The farm bill would require residents to get at least $20 a year in utility assistance to be eligible. The Congressional Budget Office estimates that will reduce benefits for 850,000 households nationwide by an average of $90 a month.
How that would be felt in Michigan is unclear, but a report from the Congressional Research Service found that Michigan had 651,795 households that qualified for food stamps through the home energy assistance program in 2011, second only to Pennsylvania. Some of those undoubtedly do pay for utilities separately and would maintain the same level of eligibility.
The Presidential pens, ready for the bill signing
l-r, Senator Carl Levin, President Barack Obama (seated), Vermont Senator Patrick J. Leahy, Senator Debbie Stabenow, Michigan Congressmen Gary Peters and Dan Kildee, Ohio Congresswoman Marcia Fudge, and Sec. Vilsack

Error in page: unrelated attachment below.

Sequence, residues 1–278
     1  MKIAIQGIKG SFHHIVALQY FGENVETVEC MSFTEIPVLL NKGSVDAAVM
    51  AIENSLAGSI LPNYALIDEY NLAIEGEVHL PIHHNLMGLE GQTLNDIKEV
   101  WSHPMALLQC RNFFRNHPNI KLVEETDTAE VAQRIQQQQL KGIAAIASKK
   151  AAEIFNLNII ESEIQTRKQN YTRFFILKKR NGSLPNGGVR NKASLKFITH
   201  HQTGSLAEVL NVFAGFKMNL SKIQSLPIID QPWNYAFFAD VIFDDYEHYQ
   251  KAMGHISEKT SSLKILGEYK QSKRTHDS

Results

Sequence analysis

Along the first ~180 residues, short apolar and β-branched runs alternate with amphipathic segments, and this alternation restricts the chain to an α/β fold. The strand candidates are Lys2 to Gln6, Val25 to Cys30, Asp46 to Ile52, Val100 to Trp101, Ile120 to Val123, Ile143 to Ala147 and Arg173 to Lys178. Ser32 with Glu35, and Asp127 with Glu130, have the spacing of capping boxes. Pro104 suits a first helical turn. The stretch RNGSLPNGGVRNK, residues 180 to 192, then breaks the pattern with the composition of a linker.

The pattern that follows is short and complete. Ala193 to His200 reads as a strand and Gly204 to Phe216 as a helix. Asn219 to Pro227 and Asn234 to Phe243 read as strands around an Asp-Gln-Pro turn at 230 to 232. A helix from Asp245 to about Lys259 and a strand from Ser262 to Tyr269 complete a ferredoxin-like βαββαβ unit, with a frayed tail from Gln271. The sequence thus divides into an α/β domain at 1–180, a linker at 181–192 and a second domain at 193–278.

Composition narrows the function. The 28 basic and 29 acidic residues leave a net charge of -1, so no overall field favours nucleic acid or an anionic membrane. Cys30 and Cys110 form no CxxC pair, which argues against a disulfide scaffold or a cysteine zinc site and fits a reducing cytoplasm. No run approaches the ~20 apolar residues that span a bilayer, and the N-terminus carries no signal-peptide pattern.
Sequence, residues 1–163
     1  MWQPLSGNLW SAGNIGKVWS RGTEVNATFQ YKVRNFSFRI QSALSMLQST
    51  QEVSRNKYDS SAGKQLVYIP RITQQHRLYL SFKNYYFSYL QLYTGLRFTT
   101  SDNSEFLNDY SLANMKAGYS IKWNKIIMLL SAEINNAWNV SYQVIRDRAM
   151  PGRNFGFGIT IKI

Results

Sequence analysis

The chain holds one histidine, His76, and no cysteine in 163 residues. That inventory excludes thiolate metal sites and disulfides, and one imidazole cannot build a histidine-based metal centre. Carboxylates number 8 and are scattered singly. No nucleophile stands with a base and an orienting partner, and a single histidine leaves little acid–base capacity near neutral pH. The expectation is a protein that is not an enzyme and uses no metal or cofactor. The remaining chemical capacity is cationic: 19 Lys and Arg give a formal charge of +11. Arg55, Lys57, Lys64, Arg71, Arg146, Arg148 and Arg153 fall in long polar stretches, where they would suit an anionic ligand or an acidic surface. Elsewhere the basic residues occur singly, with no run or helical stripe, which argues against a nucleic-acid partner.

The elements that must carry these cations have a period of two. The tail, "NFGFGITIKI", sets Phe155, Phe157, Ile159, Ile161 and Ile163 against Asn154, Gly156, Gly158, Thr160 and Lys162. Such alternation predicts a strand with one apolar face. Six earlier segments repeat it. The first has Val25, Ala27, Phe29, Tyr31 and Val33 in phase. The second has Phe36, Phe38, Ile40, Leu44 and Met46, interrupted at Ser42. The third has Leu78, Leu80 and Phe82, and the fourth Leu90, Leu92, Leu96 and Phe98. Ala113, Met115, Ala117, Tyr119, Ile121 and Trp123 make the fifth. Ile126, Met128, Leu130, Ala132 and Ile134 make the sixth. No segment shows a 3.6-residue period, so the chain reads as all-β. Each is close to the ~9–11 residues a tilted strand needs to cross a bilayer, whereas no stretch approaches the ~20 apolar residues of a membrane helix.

Here are some other elements of the new law:
- Expanded support for farmers through crop insurance that helps protect them in bad years.
- Increased investments in specialty crops.
- The end of direct subsidy payments to farmers whether they farmed or not.
- New protections for dairy farmers.
- New labeling requirements on pork, chicken or beef sold in the United States which must now include details on where the animal was born, slaughtered and processed.
- The legislation will reduce the federal budget deficit by $16.6 billion over the next decade.
- Allows colleges and universities to grow industrial hemp for research purposes in states that permit its growth and cultivation. (Michigan is NOT one of those states.)
- Prohibits lottery winners, convicted murderers, and sex offenders from receiving food stamps.
It’s a law!
Senator Debbie Stabenow beams after her bill is signed into law
Michigan Senators Carl Levin and Debbie Stabenow speak with U.S. Secretary of Agriculture Tom Vilsack
MSU Spartan basketball coach Tom Izzo
Congressman Gary Peters with the man whose seat he hopes to fill, Sen. Carl Levin
You can read the complete transcript of President Obama’s remarks at the signing HERE.